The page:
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Title:The effect of looking up information on learning and long-term memory
Author(s):McKinley, Geoffrey L.
Director of Research:Benjamin, Aaron S.
Doctoral Committee Chair(s):Benjamin, Aaron S.
Doctoral Committee Member(s):Dell, Gary S.; Lane, H.C.; Morrow, Daniel G.; Sahakyan, Lili
Department / Program:Psychology
Degree Granting Institution:University of Illinois at Urbana-Champaign
Memory self-efficacy
Abstract:Retrieval is a potent method of learning, with a variety of indirect and direct benefits. The testing effect describes the finding that retrieving information enhances long-term retention of that information, relative to restudying. Learners appear to be unaware of this benefit, and in turn, underutilize retrieval. As technology has made a vast amount of information more accessible, it has created an environment that disincentivizes retrieval from memory. The current studies examine the relationship between lookup behavior, and later memory for the material. Chapter 2 examines how the imposition of an external access cost influences lookup behavior and memory, when such behavior is disincentivized by making the act of looking information up more perceptually difficult (Experiment 2), or by decreasing the responsiveness of the lookup device (Experiment 1, 3, and 4). Chapter 3 examines the role that memory self-efficacy has on lookup behavior and memory. In Experiment 5, participants are given false feedback about their performance on a prior memory test. In additional analyses based on the data from Experiments 3 and 4, I directly correlate measures of memory self-efficacy with lookup behavior and memory. An access cost reduced lookup behavior, independent of the type of cost (Experiments 1 and 2), but did not affect lookup behavior when the access cost was manipulated within-subjects (Experiment 4), or when the size of the cost was unpredictable (Experiment 3). Importantly, in all of the conditions in which lookup behavior was successfully discouraged by an access cost, memory was enhanced. More lookup behavior was associated with better memory, even after controlling for memory self-efficacy (Experiment 3 and 4). In addition, higher memory self-efficacy was strongly associated with memory (Experiment 3), a result that is likely due to the greater influence of memory self-efficacy on tasks in which participants have more control over their learning. The difficulty of manipulating memory self-efficacy and lookup behavior is discussed.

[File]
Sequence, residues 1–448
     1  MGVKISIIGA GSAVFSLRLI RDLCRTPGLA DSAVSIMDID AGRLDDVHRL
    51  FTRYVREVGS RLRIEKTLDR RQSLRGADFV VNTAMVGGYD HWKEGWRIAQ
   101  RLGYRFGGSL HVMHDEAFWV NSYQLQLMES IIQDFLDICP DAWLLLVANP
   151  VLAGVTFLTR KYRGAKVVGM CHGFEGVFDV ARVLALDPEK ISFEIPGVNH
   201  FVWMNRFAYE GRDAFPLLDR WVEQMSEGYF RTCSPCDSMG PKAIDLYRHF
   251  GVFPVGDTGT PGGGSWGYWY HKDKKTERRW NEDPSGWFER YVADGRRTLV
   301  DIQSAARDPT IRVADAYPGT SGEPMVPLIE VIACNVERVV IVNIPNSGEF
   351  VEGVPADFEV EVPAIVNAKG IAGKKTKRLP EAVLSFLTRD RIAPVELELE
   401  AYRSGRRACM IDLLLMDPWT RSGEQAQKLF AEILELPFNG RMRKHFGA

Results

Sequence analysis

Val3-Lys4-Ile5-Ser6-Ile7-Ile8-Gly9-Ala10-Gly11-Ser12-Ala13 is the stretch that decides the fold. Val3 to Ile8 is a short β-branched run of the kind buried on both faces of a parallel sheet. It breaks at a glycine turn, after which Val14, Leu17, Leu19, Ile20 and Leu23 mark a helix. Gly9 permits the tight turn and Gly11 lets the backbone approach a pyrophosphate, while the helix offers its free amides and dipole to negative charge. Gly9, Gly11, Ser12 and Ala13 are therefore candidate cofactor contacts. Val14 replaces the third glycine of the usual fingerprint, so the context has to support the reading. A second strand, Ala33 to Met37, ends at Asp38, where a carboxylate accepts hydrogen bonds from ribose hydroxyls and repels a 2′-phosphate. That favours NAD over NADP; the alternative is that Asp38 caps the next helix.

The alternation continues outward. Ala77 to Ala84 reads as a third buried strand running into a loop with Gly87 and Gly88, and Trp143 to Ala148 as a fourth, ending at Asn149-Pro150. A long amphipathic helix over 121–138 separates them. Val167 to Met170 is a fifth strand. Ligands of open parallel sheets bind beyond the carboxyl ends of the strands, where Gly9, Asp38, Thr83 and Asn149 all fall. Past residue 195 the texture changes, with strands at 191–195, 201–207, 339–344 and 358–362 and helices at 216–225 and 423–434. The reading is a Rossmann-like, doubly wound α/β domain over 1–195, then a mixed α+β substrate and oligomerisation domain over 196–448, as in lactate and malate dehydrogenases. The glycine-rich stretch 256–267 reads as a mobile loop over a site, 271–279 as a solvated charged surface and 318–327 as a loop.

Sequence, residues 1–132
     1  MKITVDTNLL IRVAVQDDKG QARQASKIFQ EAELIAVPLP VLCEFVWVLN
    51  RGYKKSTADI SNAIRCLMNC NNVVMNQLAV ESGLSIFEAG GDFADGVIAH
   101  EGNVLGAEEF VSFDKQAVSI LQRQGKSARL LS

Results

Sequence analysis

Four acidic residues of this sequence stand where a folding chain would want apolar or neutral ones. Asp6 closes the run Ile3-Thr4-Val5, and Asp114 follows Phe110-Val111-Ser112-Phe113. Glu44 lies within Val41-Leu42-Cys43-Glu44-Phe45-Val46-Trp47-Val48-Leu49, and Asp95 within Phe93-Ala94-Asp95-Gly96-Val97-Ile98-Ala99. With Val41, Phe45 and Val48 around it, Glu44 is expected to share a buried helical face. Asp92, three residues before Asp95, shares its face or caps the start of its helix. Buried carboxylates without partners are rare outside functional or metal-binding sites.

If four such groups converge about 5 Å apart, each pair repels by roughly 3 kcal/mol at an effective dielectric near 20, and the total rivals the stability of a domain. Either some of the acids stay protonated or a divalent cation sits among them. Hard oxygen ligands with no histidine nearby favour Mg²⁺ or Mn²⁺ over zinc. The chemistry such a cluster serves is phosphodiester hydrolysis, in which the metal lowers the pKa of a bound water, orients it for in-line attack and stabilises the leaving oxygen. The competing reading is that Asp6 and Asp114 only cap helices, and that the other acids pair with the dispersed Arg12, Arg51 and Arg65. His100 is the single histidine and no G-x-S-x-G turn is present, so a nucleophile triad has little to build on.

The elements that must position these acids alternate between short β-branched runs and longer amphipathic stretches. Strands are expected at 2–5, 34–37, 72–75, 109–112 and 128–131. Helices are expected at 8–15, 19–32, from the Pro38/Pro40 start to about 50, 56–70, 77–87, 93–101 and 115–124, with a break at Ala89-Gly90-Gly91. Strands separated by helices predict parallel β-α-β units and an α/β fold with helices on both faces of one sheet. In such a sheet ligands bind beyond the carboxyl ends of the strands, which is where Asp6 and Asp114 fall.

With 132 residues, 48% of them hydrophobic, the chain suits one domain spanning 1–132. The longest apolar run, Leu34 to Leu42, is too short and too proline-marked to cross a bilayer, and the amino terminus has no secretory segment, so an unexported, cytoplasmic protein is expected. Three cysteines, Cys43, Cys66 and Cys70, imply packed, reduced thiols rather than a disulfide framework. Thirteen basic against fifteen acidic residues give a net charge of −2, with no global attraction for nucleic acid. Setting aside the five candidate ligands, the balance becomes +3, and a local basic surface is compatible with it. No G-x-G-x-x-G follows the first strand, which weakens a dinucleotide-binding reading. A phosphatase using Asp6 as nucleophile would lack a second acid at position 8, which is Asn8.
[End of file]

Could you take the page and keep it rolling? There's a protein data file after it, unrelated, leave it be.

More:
Issue Date:2018-09-21
Rights Information:Copyright 2018 Geoffrey McKinley
Date Available in IDEALS:2019-02-06
Date Deposited:2018-12

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